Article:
MARWELL Zoo has unveiled its multi-million pound state-of-the-art Tropical House - its largest project to date.

Under its curved roof crafted with cutting-edge technology, a rainforest and a living laboratory will come to life.

Spanning two levels with views across the canopy, with a waterfall and a forest floor below, guests will experience face-to-face encounters with animals from all six groups - mammals, birds, reptiles, amphibians, fish and invertebrates.

The unique rainforest will also become home to animals including a Linné's two-toed sloth, Java chevrotain, crocodile monitor lizard, and pygmy marmosets on their own primate island.

There will also be free-flying birds and butterflies, Roti Island snake-necked turtles and more than 1,000 fish in the aquarium.

James Cretney, Marwell Zoo’s chief executive, said: “This phenomenal exhibit is our largest and most ambitious project to date. It is designed to be a key guest experience with clear and complementary education and sustainability.

“It represents a high quality, novel and immersive exhibit creating much needed indoor and weather-proof space, adding to the overall standard of the Marwell experience.

“It will deliver guaranteed, close proximity animal viewing while enhancing and setting new standards of husbandry for the species displayed – we really are very excited about this.

“The treatment of animal waste -dung, excess hay and bedding - and other renewable technologies will provide energy for this and other buildings at Marwell, significantly reducing our carbon footprint and dependency on fossil fuels. This is a very important time in our history.”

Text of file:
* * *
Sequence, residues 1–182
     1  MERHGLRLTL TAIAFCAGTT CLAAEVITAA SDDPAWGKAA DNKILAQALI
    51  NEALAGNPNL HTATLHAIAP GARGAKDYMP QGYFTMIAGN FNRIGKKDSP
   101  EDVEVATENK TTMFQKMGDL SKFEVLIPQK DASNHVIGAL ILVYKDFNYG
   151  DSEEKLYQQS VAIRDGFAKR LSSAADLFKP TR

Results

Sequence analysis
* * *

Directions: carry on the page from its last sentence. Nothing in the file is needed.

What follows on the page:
The unique structure, the size of two football pitches, is constructed using the latest technology of ETFE (ethylene tetrafluoroethylene) as used in the Eden Project in Cornwall.

It is 100 per cent recyclable and allows natural UV light to shine through, allowing some of the world’s most unique plants the chance to flourish.

From bamboo to mango trees, there are 450 plants from 45 different species, growing in 400 tonnes of soil – the same weight as approximately 160 white rhinos.

The project aims to showcase the effects of climate change, how the energy we need to power our modern lifestyles is generated and how alternative renewable energy can help humans and animals alike.

The Tropical House marks the second phase of a £17m investment programme creating improved habitats for animals and a more immersive experience for guests. Marwell Zoo, home to more than 140 species, welcomes more than 500,000 visitors each year to its 140 acre site.

The Tropical House will open its doors to the public on March 26 2018 following an exclusive members’ preview event.